Introducing the Geo Data Merger — an open source tool to explore and merge datasets

We built a quick and easy-to-use tool for merging datasets in the browser. Today, we publish it for everyone to use.

In which neighborhood are most bicycles getting stolen? What was the election outcome for each individual constituency? In which communities do women — for a change — earn more than men? Whether the aim is to create an interactive map or to analyse multiple variables: data journalists often find themselves confronted with the task of combining two or more datasets. Luckily, as crunching numbers is our bread and butter, merging data is not that big of a challenge for most data journalists. Especially if the two datasets in question already have an identifier column they can be merged by. Nevertheless, this task can eat up your time. Datasets are often provided in different formats. Especially with geodata, loading and reading the data with the programming language of our choice to just have a casual look at it can take several minutes and costs a lot of nerves alone. There has to be a simpler and faster way to do this, we thought to ourselves.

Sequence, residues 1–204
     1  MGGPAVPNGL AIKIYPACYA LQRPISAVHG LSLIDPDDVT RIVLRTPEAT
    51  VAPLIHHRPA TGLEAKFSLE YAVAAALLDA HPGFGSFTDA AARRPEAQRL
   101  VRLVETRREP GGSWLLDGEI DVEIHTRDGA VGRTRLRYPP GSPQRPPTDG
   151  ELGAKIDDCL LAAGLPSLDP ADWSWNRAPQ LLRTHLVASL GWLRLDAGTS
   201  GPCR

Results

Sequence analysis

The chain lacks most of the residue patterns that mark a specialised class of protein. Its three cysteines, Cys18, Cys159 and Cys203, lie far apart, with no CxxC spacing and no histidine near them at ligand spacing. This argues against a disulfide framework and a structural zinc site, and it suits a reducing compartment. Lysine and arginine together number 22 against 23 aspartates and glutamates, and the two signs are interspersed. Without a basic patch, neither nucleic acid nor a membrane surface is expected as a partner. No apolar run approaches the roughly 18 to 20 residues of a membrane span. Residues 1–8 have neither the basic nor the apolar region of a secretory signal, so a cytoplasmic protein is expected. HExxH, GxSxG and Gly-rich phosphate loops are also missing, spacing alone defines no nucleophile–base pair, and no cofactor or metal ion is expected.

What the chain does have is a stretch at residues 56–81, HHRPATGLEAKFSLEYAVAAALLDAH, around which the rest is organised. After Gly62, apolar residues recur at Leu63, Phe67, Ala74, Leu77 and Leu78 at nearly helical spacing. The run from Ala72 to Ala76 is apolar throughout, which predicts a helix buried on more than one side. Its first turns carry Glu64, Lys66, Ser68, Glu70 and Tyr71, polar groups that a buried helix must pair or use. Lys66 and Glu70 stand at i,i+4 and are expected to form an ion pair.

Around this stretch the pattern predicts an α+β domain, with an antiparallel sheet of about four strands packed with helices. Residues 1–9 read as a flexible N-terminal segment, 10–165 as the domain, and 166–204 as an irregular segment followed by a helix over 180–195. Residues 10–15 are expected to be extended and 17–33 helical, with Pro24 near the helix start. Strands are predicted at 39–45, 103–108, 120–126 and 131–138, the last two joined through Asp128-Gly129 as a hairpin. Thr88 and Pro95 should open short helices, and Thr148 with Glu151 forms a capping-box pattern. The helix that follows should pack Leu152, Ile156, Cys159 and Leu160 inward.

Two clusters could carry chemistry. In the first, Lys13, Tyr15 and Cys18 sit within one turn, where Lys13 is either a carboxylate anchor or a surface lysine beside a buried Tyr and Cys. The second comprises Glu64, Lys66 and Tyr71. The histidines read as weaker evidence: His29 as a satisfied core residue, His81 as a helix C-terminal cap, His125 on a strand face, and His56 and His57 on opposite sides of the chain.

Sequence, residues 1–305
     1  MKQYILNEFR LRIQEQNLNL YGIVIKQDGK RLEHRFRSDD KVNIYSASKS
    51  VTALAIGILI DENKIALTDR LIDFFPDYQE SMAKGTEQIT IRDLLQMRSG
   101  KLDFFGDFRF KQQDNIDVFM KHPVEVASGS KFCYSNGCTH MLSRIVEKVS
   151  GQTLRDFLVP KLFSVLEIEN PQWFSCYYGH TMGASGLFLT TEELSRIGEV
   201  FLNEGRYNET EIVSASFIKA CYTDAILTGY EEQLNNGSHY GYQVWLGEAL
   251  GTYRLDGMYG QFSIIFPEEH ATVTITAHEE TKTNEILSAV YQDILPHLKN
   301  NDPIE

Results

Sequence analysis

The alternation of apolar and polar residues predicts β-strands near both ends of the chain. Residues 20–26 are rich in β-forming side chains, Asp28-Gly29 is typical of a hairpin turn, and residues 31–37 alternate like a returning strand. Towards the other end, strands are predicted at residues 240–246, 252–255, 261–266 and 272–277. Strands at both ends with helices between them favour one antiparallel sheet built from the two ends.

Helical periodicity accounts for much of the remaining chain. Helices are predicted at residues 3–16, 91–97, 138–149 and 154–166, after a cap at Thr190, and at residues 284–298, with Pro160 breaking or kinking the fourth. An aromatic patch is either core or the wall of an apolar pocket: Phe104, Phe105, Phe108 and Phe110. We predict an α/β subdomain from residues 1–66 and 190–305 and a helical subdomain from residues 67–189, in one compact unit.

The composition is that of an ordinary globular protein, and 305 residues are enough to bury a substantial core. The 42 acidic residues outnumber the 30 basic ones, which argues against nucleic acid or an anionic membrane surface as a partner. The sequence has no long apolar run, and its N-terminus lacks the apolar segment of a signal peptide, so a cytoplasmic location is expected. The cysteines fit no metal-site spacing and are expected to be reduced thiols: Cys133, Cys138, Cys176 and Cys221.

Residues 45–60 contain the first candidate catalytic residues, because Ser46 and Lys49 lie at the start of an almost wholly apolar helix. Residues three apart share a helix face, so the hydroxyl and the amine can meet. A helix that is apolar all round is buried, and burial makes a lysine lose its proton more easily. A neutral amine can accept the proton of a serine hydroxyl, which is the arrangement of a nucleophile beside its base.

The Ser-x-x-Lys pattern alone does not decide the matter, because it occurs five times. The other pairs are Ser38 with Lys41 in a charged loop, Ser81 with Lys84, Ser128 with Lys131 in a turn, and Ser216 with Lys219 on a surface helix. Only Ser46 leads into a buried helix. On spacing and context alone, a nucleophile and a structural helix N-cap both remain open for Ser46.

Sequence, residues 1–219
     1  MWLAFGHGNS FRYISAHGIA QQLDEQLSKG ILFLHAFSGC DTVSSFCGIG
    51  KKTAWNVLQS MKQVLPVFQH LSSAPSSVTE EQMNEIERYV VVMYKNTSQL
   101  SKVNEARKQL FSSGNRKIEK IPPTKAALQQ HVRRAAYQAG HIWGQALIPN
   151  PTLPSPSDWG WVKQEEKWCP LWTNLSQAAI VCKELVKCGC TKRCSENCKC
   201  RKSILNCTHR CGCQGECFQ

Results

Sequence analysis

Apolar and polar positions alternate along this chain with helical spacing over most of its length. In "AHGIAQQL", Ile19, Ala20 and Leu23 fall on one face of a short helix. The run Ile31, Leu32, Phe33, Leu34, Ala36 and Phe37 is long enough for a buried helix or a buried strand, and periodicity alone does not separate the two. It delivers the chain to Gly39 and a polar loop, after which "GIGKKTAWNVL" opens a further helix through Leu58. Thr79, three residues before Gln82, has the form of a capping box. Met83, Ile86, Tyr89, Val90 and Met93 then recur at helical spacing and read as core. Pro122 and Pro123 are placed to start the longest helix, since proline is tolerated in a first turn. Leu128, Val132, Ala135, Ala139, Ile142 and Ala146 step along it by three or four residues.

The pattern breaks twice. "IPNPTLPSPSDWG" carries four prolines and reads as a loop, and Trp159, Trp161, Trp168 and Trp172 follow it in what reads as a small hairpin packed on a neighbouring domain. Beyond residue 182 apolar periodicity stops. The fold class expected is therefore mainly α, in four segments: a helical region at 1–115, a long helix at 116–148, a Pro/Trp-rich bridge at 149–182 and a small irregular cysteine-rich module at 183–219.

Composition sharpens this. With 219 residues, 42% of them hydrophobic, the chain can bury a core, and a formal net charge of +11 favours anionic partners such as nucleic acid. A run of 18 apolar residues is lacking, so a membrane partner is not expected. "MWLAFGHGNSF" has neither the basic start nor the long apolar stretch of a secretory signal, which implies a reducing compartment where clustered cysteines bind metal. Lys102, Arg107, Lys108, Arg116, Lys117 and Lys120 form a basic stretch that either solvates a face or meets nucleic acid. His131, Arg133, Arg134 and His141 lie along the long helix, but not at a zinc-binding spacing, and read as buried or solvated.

This is why we built the Geo Data Merger, a small tool for merging datasets in the browser. No coding required: using the Geo Data Merger is as simple as it can be. Just drag and drop the files you want to merge or get a preview of, select the keys to merge by, and save the result in the file format you prefer. And you’re ready to go. It’s really as simple as that.

Since we built the tool, we’ve been using it on a regular basis to merge files or to get a quick overview of datasets. And because it makes our work easier, we wanted to share it with you! This is why we haven’t just published the tool for everyone to use, we also open sourced the project. We hope the Geo Data Merger will help you as much as it helps us and look forward to receiving your feedback!


Funke Interaktiv is the interactive and data team of the Funke Media Group. Formerly known as the Interactive Team of the Berliner Morgenpost, the journalists, developers and designers regularly publish applications, graphics, maps and storytelling formats for the titles of the Group — still including the Berliner Morgenpost, but also other German local newspapers like the Hamburger Abendblatt or the WAZ. Rental prices, election data, flight routes or measles: The team deals with the most diverse topics that are important on a local level, but also nationwide. They find news in large amounts of data and experiment with new research methods and formats. You can find their latest projects in the team’s portfolio.